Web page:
People are opting to stay at home and stream in celebration. The convenience is obvious, especially when you have your pick of 10+ decades of holiday-themed movies on hand. You can invite friends over, nobody has to pay for exceedingly expensive cinema tickets and, if this year’s Halloween releases are anything to go by, the quality of entertainment is better. While Hollywood failed to deliver on the themed-movie front, Netflix’s Stranger Things 2 has 1980s Halloween as its backdrop, with the characters dressing up, the streets flooding with trick or treaters and the show’s horror elements teasingly doled out. If viewers want to spice up their holidays with some appropriate entertainment, it seems like they’re better off staying at home than going out.

Add this seasonal blunder to the slew of box office failures in 2017, declining cinema attendance, increasing ticket prices and the heavily criticised output of sequels, reboots and franchise films, all of which I’ve written about before, and Hollywood is in serious danger of killing the cinema experience. It certainly doesn’t help that, with the exposure of Harvey Weinstein and many more cases of sexual abuse, the industry’s rotten core is finally being turned inside out. Even choosing to support Hollywood by paying to watch their movies is arguably a morally questionable decision.

In almost every aspect, the alternative is looking better. Streaming services and American cable television production companies are offering far more experimental and creative content. The impenetrably obscure new season of Twin Peaks features some of the finest filmmaking in years. Nobody knew who the Duffer brothers were before Stranger Things and indie filmmakers Brit Marling and Zal Batmanglij were finally able to get serious attention with their Netflix original, the dense and seductive The OA. With these and Netflix’s growing library of films produced under their name, they could easily convince families, groups of friends and movie lovers to celebrate holidays at home.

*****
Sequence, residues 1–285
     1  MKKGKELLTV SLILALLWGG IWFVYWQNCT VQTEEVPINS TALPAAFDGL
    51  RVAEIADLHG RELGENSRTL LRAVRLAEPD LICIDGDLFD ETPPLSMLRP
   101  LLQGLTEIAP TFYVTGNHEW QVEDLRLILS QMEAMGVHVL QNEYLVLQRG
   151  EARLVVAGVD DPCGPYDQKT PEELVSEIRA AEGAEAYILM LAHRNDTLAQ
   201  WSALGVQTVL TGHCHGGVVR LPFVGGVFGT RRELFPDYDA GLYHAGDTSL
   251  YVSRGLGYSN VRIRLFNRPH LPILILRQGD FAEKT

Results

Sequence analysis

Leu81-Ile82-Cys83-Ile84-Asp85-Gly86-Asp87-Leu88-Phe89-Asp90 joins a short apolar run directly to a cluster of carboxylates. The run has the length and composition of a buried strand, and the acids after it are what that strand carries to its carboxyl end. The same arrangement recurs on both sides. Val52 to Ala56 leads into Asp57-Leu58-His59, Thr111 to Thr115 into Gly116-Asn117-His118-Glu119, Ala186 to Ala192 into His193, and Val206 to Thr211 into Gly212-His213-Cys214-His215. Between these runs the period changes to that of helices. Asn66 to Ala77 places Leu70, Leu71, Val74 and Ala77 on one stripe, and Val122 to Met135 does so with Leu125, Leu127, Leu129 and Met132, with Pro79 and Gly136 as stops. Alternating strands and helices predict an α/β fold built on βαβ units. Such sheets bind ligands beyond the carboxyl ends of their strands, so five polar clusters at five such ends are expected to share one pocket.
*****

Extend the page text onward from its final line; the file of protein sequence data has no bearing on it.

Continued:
Image via youtube.com

For the love of the cinema

The problem with all of this, especially for someone who grew up going (and still frequently goes) to the cinema, is that a night out at the movies is a wonderful experience we shouldn’t lose. Bounding a group of strangers together in an attractive theatre and unifying them with a thrillingly cinematic story on a huge screen has given me some of my fondest memories. I’ll always remember the packed screening of Paranormal Activity, which had the raucous crowd of teenagers gasping and yelling in unison, and the spontaneous, mid movie eruption of applause after the first big fight scene in the Taiwanese action movie The Raid.

When it comes to art, I’m an optimist. I maintain that people would go to the movies more if the movies were better (and if it costed less). Of the newer production companies producing original films, Amazon Studios is still supporting the traditional theatrical release model and is producing fine, Oscar-contending films like Manchester by the Sea, whereas Netflix is withholding from releasing their movies in cinemas.

If 2017’s Halloween is anything to go by, this Christmas could be the first of many streaming holidays as the traditional movie-viewing model continues to topple.